Friday, December 16, 2011

Ice cream grows on trees in the tropics!

Even though I did not grow this in my garden (one of my customers brought it to me at work) I thought I would  share it with you.   It grows on a very large tree, and is part of the legume family, so fixes nitrogen into the soil. It is called the ice cream bean.
 You twist it to crack the hard shell open and inside are fluffy white pods that fit together perfectly.
Here you can see how big the seed is - you just eat the fluffy coating around the seed, and the best I can describe it is like candy floss but not so sweet.  Quite refreshing.
 Some of the seeds are already sprouting, but this is a huge tree so I wont be growing any in my garden....

Since it is so hot and humid here I popped some into the fridge to see how they would be cold, and they do taste good cold.  I don't think they taste like ice cream though even when cold.
Funnily enough, I had been thinking of ice cream since I discovered a very tasty recipe for banana chocolate ice cream on a blog I follow littleecofootprints and think this might be my very favourite thing this summer to beat the heat. She just takes frozen banana, plain yogurt and honey and blends it together  I love ice cream, but not the sugar and fat (not to mention the other undesirables that make it creamy and yummy)  that comes along with it.   Gosh I am thinking of some of my frozen lychees, mixed with my home made nonfat yoghurt and a little honey if necessary.
Funny how being hot and humid leads to thoughts of ice cream, but being part of the world of blogging can make that a healthy treat!

11 comments:

  1. Bardzo ciekawe drzewo i owoce. Sama bym spróbowała tej "waty". Pozdrawiam

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  2. I've heard of this plant but never actually seen one up close. What a fascinating thing it is. I wonder who decided it should be called the ice cream bean? Love the sound of that banana ice-cream, and your version ... lychee! Both would go down very well in this heat.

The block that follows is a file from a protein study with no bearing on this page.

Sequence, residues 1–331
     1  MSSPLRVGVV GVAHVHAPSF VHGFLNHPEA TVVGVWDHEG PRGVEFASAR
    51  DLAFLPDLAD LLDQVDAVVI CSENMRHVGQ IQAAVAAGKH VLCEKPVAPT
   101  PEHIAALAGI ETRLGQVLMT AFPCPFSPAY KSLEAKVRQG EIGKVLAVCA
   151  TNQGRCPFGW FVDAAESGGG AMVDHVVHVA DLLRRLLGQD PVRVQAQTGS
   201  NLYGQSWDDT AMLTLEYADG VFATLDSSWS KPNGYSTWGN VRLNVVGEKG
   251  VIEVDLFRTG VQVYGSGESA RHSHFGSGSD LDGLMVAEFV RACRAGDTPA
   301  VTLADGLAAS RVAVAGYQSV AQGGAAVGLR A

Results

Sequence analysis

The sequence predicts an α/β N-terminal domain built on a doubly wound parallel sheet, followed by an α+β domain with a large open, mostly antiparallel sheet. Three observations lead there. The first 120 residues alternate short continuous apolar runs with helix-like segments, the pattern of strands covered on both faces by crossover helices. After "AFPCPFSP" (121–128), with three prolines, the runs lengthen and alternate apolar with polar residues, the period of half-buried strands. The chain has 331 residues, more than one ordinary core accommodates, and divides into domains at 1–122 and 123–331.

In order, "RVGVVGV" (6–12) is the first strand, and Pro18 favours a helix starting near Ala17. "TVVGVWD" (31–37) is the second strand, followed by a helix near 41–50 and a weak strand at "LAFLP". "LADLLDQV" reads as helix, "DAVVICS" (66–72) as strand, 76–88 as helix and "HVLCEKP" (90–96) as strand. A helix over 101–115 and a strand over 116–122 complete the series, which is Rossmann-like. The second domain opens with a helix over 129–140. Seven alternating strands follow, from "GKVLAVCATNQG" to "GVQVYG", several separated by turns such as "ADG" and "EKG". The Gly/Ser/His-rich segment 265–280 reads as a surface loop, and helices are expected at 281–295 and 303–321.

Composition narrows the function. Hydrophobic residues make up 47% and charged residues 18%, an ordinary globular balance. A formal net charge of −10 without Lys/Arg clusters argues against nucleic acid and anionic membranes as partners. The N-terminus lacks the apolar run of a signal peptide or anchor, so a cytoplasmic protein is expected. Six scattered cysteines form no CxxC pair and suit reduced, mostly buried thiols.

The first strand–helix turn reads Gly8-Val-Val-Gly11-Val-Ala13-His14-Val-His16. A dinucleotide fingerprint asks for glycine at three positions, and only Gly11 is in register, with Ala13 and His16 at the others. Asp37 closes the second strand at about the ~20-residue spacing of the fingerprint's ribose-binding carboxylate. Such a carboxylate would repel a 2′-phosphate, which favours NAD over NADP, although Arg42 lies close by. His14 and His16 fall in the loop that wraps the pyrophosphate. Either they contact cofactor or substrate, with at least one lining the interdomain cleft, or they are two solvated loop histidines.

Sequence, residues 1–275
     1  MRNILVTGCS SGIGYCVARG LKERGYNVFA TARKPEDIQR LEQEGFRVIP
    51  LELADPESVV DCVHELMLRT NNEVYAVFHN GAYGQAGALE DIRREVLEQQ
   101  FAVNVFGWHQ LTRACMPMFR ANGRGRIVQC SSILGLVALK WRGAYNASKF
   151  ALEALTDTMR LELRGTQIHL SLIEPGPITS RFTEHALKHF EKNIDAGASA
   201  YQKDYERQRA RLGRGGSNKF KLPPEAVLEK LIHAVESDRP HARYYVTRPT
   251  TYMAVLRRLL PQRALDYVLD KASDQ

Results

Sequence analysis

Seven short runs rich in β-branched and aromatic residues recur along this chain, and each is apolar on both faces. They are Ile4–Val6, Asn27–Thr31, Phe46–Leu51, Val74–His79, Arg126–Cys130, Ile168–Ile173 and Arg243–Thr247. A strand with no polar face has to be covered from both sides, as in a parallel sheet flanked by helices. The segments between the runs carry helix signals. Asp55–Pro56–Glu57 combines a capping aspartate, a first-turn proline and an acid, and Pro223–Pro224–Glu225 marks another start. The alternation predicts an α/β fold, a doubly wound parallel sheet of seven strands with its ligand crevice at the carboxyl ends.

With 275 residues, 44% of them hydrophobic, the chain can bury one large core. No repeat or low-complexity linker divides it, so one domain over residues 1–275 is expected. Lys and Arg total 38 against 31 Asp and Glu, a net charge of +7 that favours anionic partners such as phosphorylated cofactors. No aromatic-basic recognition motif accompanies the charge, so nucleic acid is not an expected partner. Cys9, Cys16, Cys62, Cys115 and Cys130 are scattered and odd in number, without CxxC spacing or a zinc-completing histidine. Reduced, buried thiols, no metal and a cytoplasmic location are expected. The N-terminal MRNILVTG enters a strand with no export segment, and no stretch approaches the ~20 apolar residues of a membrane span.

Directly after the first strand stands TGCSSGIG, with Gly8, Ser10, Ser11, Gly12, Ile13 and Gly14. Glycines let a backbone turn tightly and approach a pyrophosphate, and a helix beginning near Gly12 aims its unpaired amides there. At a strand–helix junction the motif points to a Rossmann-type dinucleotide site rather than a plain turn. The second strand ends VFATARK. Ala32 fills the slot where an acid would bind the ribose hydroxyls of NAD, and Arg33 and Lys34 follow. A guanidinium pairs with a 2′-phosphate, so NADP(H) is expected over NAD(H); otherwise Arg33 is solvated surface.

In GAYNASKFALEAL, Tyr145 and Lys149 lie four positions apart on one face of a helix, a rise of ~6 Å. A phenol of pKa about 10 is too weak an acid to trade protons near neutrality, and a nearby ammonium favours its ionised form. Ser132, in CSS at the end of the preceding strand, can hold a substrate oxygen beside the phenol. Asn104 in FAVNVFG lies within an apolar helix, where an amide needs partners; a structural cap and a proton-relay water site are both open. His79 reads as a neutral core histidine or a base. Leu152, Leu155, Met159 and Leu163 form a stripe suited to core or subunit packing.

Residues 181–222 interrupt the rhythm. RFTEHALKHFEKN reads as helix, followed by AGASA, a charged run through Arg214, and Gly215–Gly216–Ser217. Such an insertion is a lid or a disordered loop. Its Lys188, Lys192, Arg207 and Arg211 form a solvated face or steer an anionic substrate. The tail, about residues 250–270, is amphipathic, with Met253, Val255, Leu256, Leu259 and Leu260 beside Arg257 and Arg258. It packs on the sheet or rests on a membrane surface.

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  3. Thanks for this post. With all the unseasonal rain we have been getting this year on the farm, the kids have been asking to plant this tree ( mainly because it is called the 'icecream 'bean I think) . I think there is a chocolate one too, and that is the one they have really been asking about!
    Might have to have a go , even though we aren't all that tropical!

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  4. That fruit sounds delicious! almost as delicious as your frozen lychee icecream!

    Thank you for linking to my banana icecream recipe. I too LOVE shopping at honesty stalls. We're forever stopping when we drive in the country. We're actually off now....for a quick overnight camping trip. I wonder what honesty stalls i'll see.

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  5. I saw a lot of these trees in Tahiti and nearby islands last month while there. Tree originally from South Ameria.

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  6. Interesting this is the first time I heard about this legume. I think about ice cream a lot this week too:).

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  7. An interesting tree. The things nature provides us. I think you will like my 2 persimmons posts.

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  8. I really wanted to try this when I was visiting FNQ but alas it wasn't ripe when I was there. It sounds like a fascinating fruit!

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  9. That's so interesting! It looks like cotton candy XD

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  10. Giga,
    yes we do get some very interesting fruits here.
    Bernie,
    It is hot isn't it? This is the first fruit I have seen - I think they are only grown where you have lots of space. thank you for the Christmas card!
    Kim,
    really? chocolate ice cream bean! I think the kids are pulling your leg, unless they are talking about the black sapote also called the chocolate pudding fruit. I do like those - will have to do a post on those in the new year.
    Tricia,
    It always gives me a warm fuzzy feeling when I stop at farm stalls - hope you had a good trip.
    Stellamarina,
    Tahiti? gosh it is amazing how much of our fruit originated in South America.
    Malay Kadazan,
    I guess it is that time of year for us when ice cream is on our minds.
    Norma Chang,
    thanks for commenting, yes I have tried persimmons and like most tropical fruit has to be very ripe before eating.
    Lorraine,
    as with most tropical fruit it doesn't keep well. One people that hang in for the sticky summer get the rewards!
    Akika,
    it does!

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  11. I've never seen or heard of this plant before, tts very fascinating.

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